The Denon DVD-2930CI's jack pack consists of one HDMI output, one component-video output, one A/V output with S-Video, two digital audio outputs (one optical, one coaxial), a 5.1-channel analog output for multichannel music, Denon-Link, and an RS-232C port. The DVD-2930CI is able to perform upconversion over its HDMI output to 480i, 480p, 720p, 1080i, and 1080p resolutions. Like most DVD players, it cannot output SACD audio through its HDMI output, but it can output multichannel DVD-Audio.
We ran the DVD-2930CI through our disc compatibility suite of home-burned CDs and DVDs and got mixed results. While it was able to play some of the more difficult discs in our suite, it choked on a number of discs we have labeled as easy. More annoying was the fact that these discs made the player hang up and required us to cycle the power to get the disc out.
The video quality performance of the DVD-2930CI was impressive, as we expected. We started off testing it with Silicon Optix's HQV Benchmark DVD, in 720p, 1080i, and 1080p modes, and were rarely disappointed. It performed excellently on everything from resolution tests to 2:3 pull-down tests. Even the difficult swaying flag test looked remarkably lifelike, without being peppered with artifacts that many other players produce. We were also impressed with the Denon's noise reduction capabilities, as it was able to smooth out simulated digital transmission noise, leaving a clean image. The bottom line is that the DVD-2930CI turned in the best performance we've seen of any player using the HQV Test Suite, which isn't surprising, considering that the Denon uses Silicon Optix's video-processing chip.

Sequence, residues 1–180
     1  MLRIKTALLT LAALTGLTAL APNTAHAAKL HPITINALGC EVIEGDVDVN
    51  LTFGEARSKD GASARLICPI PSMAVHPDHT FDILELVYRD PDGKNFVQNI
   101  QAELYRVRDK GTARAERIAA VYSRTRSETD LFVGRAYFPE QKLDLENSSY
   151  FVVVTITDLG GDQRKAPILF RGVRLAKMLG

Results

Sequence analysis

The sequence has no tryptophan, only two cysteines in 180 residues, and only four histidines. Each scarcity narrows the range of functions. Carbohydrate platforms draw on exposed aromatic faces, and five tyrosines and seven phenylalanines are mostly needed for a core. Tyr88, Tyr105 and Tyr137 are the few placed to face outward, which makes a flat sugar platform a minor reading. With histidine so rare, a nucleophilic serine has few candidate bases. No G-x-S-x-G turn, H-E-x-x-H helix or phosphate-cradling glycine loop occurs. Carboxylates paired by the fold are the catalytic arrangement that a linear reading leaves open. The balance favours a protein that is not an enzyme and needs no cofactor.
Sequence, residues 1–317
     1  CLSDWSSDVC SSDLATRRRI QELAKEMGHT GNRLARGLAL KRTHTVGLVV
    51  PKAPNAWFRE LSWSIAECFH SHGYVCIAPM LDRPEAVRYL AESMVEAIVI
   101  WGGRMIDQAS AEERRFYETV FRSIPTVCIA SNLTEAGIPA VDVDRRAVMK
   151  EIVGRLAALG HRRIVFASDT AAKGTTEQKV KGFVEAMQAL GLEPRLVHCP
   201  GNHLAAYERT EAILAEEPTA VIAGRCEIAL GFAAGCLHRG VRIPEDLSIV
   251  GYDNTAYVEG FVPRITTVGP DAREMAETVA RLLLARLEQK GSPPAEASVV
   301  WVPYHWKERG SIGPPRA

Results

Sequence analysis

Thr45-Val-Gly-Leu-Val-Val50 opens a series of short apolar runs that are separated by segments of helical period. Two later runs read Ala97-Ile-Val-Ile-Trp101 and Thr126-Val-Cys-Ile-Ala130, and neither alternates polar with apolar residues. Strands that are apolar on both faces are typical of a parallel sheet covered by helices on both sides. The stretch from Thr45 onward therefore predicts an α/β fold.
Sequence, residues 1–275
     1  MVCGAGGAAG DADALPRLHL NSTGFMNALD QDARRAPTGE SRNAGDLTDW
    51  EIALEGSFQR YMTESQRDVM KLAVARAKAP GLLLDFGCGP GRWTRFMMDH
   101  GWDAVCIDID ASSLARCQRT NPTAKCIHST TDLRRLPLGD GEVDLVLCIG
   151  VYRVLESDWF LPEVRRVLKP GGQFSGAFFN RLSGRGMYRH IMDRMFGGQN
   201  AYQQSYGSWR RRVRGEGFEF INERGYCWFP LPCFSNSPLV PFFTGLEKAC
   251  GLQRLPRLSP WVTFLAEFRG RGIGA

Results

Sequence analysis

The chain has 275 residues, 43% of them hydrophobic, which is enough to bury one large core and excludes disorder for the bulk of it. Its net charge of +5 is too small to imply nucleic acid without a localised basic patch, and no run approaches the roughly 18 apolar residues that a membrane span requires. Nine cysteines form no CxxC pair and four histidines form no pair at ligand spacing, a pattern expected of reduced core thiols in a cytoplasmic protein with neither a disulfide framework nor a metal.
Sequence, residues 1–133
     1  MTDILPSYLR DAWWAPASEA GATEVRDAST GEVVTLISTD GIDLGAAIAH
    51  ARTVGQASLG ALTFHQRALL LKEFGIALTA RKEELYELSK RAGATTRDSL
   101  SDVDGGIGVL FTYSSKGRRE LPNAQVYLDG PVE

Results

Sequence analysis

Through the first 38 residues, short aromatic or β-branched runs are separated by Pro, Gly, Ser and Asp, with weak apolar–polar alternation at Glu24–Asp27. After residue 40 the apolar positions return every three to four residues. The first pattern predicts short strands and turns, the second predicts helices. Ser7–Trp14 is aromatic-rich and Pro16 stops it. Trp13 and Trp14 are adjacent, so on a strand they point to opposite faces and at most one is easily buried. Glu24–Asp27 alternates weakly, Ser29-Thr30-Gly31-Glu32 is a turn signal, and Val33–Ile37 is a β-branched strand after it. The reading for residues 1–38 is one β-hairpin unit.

We also looked at our torture test for 2:3 pull-down--the opening of Star Trek: Insurrection--and the DVD-2930CI passed commendably. There was still a slight stutter as the camera made a long pan, but that's to be expected with proper 2:3 pull-down. On the downside, using the Windows DVD Test Annex, we noticed that it suffered from chroma bug in 1080i mode.
Finding out that it was a great performer was no surprise, but with an $850 price tag, we wanted to how DVD-2930CI stacked up to cheaper alternatives such as the Oppo DV-970HD and the Toshiba HD-A1. We hooked up all three DVD players to the Sony KDL-40XBR2 and the Pioneer PDP-5070HD, and watched several scenes from Serenity to see how they performed. Right off the bat, the most striking impression was how similar they all looked. All three are very good upscaling DVD players, and only serious videophiles will find much of anything to complain about. That being said, we did feel like the DVD-2930CI had the best image quality of the three--but it was close. It was hard to pin it down to any one specific quality, but we felt like the DVD-2930CI had slightly more detail and looked more lifelike than either the HD-A1 or the DV-970HD.
Although we give the nod to the DVD-2930CI for pure performance, the other two players will be better values for most people. If you're not ready to spend more than $500 on a standard DVD player, the Oppo DV-970HD delivers most of the performance for a fraction of the price of the DVD-2930CI. On the other hand, if you're willing to spend $500 on a DVD player, why not go HD-DVD? Again, the performance for upscaling is very close to the DVD-2930CI's, plus you get the ability to play HD-DVDs that look much better than DVDs ever could.